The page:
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Steel Making

Flange Shields For Furnaces
Such portable flame shields as the one illustrated in Fig. 1...

Hardening Carbon Steel For Tools
For years the toolmaker had full sway in regard to make of st...

Affinity Of Nickel Steel For Carbon
The carbon- and nickel-steel gears are carburized separately...

A Satisfactory Luting Mixture
A mixture of fireclay and sand will be found very satisfactor...

Highly Stressed Parts
The highly stressed parts on the Liberty engine consisted of ...

Heating
Although it is possible to work steels cold, to an extent de...

Annealing In Bone
Steel and cast iron may both be annealed in granulated bone. ...

Rate Of Absorption
According to Guillet, the absorption of carbon is favored by ...

Corrosion
This steel like any other steel when distorted by cold worki...

Chrome-nickel Steel
Forging heat of chrome-nickel steel depends very largely on ...

Properties Of Steel
Steels are known by certain tests. Early tests were more or l...

Correction For Cold-junction Errors
The voltage generated by a thermo-couple of an electric pyrom...

Machineability
Reheating for machine ability was done at 100 deg. less than ...

Making Steel Balls
Steel balls are made from rods or coils according to size, st...

The Penetration Of Carbon
Carburized mild steel is used to a great extent in the manufa...

Chromium
Chromium when alloyed with steel, has the characteristic func...

Annealing Method
Forgings which are too hard to machine are put in pots with ...

Gas Consumption For Carburizing
Although the advantages offered by the gas-fired furnace for ...

Connecting Rods
The material used for all connecting rods on the Liberty engi...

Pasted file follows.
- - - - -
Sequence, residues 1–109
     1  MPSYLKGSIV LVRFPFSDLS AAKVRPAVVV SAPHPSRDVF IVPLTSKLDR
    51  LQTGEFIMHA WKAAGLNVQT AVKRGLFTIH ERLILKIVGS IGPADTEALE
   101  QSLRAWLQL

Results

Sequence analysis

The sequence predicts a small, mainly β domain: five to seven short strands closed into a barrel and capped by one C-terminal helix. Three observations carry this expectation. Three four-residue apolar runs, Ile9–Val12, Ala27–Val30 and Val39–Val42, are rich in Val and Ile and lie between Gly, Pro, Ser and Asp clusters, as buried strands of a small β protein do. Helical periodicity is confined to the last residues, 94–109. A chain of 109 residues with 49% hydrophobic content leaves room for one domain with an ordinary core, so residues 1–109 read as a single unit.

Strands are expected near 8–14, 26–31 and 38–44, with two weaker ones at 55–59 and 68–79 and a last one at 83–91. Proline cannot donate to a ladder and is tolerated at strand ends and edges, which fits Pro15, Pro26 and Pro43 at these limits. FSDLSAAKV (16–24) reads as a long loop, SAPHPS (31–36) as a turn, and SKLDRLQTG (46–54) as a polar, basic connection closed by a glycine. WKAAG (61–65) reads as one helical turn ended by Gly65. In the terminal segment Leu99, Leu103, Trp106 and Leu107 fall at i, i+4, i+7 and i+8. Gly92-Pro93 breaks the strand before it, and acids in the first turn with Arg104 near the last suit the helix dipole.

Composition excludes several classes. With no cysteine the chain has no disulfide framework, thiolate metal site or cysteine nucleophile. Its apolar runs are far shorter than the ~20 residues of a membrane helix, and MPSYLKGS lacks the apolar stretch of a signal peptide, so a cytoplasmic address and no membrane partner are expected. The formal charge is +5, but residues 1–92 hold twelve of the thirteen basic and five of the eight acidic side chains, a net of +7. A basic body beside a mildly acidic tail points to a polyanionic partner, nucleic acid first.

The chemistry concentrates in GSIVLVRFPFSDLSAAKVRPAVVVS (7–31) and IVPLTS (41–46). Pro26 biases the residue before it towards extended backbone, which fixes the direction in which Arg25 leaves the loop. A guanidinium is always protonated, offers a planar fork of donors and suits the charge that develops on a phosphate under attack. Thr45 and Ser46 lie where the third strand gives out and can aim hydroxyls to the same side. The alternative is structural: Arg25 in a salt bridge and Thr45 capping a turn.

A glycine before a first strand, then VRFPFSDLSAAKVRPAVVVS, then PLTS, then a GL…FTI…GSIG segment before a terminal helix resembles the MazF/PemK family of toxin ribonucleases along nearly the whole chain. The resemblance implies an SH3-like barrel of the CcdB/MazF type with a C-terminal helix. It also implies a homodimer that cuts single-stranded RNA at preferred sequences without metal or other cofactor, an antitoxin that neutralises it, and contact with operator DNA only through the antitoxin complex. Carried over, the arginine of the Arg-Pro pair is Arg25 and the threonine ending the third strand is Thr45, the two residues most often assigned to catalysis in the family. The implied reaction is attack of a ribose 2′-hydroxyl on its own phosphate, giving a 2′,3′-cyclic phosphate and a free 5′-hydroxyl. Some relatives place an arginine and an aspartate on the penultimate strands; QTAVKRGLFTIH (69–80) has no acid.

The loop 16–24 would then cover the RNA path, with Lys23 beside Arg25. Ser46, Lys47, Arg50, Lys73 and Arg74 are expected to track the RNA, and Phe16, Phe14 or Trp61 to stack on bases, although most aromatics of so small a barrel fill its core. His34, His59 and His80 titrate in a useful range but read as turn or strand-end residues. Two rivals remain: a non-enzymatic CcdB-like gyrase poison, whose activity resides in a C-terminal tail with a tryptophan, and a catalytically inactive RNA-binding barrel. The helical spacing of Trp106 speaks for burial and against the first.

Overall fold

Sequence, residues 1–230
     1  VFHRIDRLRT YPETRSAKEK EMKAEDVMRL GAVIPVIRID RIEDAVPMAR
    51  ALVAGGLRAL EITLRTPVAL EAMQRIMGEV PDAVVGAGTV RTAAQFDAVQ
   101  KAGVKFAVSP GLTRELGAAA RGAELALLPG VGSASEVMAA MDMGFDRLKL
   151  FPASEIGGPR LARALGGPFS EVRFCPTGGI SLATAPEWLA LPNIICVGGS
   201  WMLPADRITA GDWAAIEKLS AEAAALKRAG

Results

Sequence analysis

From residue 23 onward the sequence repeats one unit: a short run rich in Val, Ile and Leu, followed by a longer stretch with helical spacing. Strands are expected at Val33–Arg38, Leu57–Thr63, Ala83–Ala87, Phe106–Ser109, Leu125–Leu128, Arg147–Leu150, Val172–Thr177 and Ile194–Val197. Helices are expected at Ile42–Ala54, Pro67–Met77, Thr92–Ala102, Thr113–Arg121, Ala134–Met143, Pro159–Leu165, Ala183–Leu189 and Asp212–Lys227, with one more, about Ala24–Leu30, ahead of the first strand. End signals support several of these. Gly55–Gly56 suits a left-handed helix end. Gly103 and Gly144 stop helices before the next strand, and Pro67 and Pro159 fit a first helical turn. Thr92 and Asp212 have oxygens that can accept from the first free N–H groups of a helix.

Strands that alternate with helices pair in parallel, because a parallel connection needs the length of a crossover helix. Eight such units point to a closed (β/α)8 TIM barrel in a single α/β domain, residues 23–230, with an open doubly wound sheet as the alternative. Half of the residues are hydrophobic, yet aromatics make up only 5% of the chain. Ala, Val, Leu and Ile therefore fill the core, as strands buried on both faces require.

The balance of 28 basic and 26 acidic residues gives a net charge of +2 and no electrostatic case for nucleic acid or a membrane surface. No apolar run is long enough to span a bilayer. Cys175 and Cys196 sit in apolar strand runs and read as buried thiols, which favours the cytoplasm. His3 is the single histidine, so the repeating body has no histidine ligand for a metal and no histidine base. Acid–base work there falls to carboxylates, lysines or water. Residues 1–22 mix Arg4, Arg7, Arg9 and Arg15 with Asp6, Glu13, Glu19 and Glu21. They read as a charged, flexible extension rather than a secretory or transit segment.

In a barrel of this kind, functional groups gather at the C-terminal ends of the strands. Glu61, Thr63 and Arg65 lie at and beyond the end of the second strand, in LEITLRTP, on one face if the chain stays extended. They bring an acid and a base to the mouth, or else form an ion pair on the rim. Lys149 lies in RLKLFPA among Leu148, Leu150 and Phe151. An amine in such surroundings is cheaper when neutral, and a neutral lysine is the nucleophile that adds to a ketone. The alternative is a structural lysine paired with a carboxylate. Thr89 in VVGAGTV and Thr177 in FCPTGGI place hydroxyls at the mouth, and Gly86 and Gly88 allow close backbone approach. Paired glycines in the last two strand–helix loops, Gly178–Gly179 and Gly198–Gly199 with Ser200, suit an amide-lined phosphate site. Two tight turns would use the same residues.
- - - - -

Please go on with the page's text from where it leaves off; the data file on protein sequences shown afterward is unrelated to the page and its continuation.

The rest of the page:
The Quenching Tank
The quenching tank is an important feature of apparatus in c...



Standard Analysis






Category: HIGH-SPEED STEEL

The selection of a standard analysis by the manufacturer is the
result of a series of compromises between various properties imparted
to the steel by the addition of different elements and there is a
wide range of chemical analyses of various brands. The steel, to
be within the range of generally accepted analysis, should contain
over 16 per cent and under 20 per cent tungsten; if of lower tungsten
content it should carry proportionately more chromium and vanadium.

The combined action of tungsten and chromium in steel gives to it the
remarkable property of maintaining its cutting edge at relatively high
temperature. This property is commonly spoken of as red-hardness.
The percentages of tungsten and chromium present should bear a
definite relationship to each other. Chromium imparts to steel
a hardening property similar to that given by carbon, although
to a less degree. The hardness imparted to steel by chromium is
accompanied by brittleness. The chromium content should be between
3.5 and 5 per cent.

Vanadium was first introduced in high-speed steel as a scavenger,
thereby producing a more homogeneous product, of greater density
and physical strength. It soon became evident that vanadium used
in larger quantities than necessary as a scavenger imparted to
the steel a much greater cutting efficiency. Recently, no less an
authority than Prof. J. O. Arnold, of the University of Sheffield,
England, stated that high-speed steels containing vanadium have
a mean efficiency of 108.9, as against a mean efficiency of 61.9
obtained from those without vanadium content. A wide range of
vanadium content in steel, from 0.5 to 1.5 per cent, is permissible.

An ideal analysis for high-speed steel containing 18 per cent tungsten
is a chromium content of approximately 3.85 per cent; vanadium, 0.85
to 1.10 per cent, and carbon, between 0.62 and 0.77 per cent.





Next: Detrimental Elements

Previous: High Speed Steel



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